s an organization comprised of women dedicated to “building better communities,” it comes as no surprise that many of our members carry their experience and knowledge from the Junior League of Cincinnati to other organizations within our city and state. One such woman is Sustainer Myrita Craig, who lends her talents to The Matriots—a non-partisan political action committee seeking to elect more Ohio women to office. The Matriots were founded by a group of women who became inspired after the Women’s March. Beginning in Columbus, Ohio in the summer of 2017, the committee has since expanded throughout the state with the goal of ensuring equal political rights for women in Ohio. Myrita is one of the founding board members and co-chaired the political endorsement committee. The committee constructed the criteria for The Matriots’ endorsements and then launched the requests for endorsements in 2018 when the state races took place. The rigorous process for evaluating candidates concluded with the candidate signing a document stating that she supports women’s rights. The Matriots then
supported the endorsed candidates through their community influence, financial support, and social media exposure. In 2018, The Matriots endorsed thirty-four candidates, with sixteen ultimately winning their elections. Two of the candidates who were not initially successful in their campaigns have since been appointed to political office. One success story was a local candidate from District 28 in Ohio who was running for the House of Representatives. She ultimately won by fifty-six votes, and she stated that she could not have done it without the help from The Matriots. Myrita is very inspired by the strength and bravery of these women who “put themselves out there” through the election process. Myrita shared the eye-opening statistic that “the legislature has never been more than 25% female since women were first admitted in 1922.” Prior to joining The Matriots, Myrita had an extensive background in the corporate world, and she was fairly new to the political realm. She felt that she could really help the organization make a difference through her leadership and financial support, and has always believed that, “women are better leaders in terms of collaboration.” For more information about The Matriots, visit: https://matriotsohio.com.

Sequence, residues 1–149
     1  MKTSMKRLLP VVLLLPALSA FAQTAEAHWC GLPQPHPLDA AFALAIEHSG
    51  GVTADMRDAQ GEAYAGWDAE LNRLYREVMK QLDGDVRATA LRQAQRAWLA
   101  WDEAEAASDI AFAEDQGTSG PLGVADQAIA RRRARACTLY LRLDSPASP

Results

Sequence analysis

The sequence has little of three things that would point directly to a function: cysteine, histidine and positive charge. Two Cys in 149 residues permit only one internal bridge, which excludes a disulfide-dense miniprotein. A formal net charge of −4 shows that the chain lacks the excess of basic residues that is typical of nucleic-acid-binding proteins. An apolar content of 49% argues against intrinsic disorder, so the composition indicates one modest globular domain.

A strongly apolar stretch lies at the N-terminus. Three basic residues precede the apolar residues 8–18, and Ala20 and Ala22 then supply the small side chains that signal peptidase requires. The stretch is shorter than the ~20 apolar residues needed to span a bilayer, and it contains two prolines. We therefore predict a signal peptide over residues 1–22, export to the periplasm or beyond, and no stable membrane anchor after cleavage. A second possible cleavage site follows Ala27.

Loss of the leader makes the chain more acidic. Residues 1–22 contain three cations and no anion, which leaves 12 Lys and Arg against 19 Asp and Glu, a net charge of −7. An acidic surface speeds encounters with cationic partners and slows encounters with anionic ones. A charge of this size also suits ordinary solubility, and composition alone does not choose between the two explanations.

The Summ it Country D ay School in vites you to join stu dents from all o ver the tri-stat e area. ming ram Prog ages 3 for ugh thro ool. sch high
We put the fun in summer! www.summitcds.org/summer
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Spring Style Blossomed at the Junior League’s Bloom Fashion Show
By CARRIE M. STARTS
here is nothing like blossoming flowers that sprout beautiful colors across Cincinnati in the spring. This year, our Junior League of Cincinnati members and friends got the opportunity to experience the magical, transformative power of springtime in the form of bold new fashions at Bloom Fashion Show. Co-Chairs of the Spring Fundraiser Committee, Kathryn DeNicola and Morgan Busam were inspired to bring spring colors to life to usher in and celebrate warmer weather.
year’s event and attributes the success of the fashion show to significant advanced planning. There is no doubt that all of the attendees appreciated each detail of the day, which created a wonderful escape to the fashion world. A special thanks to this year’s committee members: Sadie Bonifas, Katharine Burke, Marlea Handler, Bridget Kochersperger, Alexandra Lake, Erin Lee, Ellen McCartney, Erika McShay, Kelly Pear, Jennifer Simon, Carly Tamborski, Hannah Wallack, and Ashley Yanzsa.
Those who attended the event loved this year’s layout and the new location, the Hilton Cincinnati Netherland Plaza in downtown Cincinnati. The Hilton Netherland Plaza is a National Historic Landmark inspired by French Art Deco design. The location created the perfect ambiance to take in fresh new styles to inspire spring wardrobes.